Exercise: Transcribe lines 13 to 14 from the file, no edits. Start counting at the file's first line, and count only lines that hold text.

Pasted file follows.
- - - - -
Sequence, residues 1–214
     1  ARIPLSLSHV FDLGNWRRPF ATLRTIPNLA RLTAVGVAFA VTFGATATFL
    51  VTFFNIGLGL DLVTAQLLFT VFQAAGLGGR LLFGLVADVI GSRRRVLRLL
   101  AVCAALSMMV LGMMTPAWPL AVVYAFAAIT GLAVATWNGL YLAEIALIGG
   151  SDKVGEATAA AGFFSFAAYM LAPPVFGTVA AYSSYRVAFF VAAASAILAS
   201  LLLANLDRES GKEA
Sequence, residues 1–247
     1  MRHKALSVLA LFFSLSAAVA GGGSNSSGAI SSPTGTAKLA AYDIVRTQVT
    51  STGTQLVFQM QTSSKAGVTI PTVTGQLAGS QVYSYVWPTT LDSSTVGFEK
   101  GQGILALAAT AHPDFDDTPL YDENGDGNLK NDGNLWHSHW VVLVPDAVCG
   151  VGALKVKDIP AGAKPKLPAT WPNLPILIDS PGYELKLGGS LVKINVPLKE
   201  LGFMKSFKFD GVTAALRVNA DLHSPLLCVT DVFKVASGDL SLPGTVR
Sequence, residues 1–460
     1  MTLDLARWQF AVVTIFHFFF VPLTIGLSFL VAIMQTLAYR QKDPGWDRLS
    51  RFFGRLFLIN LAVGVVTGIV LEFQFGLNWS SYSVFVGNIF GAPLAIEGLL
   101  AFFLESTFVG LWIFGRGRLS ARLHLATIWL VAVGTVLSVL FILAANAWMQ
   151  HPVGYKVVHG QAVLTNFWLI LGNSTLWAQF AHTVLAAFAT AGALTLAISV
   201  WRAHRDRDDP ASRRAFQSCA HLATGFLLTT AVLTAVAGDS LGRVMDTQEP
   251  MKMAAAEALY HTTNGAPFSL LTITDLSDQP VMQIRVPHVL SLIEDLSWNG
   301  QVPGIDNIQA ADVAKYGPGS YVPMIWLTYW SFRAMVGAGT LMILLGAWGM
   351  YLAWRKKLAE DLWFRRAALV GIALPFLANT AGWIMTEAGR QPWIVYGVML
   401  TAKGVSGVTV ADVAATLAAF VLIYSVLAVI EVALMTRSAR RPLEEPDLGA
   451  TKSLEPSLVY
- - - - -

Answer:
Sequence, residues 1–460
     1  MTLDLARWQF AVVTIFHFFF VPLTIGLSFL VAIMQTLAYR QKDPGWDRLS